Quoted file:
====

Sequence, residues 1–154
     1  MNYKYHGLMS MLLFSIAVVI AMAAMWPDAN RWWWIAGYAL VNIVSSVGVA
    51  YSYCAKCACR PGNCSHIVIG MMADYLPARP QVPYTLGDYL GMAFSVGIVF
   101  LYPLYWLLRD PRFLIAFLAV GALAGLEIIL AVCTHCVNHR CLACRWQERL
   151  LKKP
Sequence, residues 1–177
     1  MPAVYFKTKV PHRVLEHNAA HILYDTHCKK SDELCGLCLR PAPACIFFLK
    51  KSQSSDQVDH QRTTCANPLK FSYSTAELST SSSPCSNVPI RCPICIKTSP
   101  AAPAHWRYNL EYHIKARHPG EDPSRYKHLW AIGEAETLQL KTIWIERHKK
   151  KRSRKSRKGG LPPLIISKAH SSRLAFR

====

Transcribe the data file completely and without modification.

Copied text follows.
Sequence, residues 1–154
     1  MNYKYHGLMS MLLFSIAVVI AMAAMWPDAN RWWWIAGYAL VNIVSSVGVA
    51  YSYCAKCACR PGNCSHIVIG MMADYLPARP QVPYTLGDYL GMAFSVGIVF
   101  LYPLYWLLRD PRFLIAFLAV GALAGLEIIL AVCTHCVNHR CLACRWQERL
   151  LKKP
Sequence, residues 1–177
     1  MPAVYFKTKV PHRVLEHNAA HILYDTHCKK SDELCGLCLR PAPACIFFLK
    51  KSQSSDQVDH QRTTCANPLK FSYSTAELST SSSPCSNVPI RCPICIKTSP
   101  AAPAHWRYNL EYHIKARHPG EDPSRYKHLW AIGEAETLQL KTIWIERHKK
   151  KRSRKSRKGG LPPLIISKAH SSRLAFR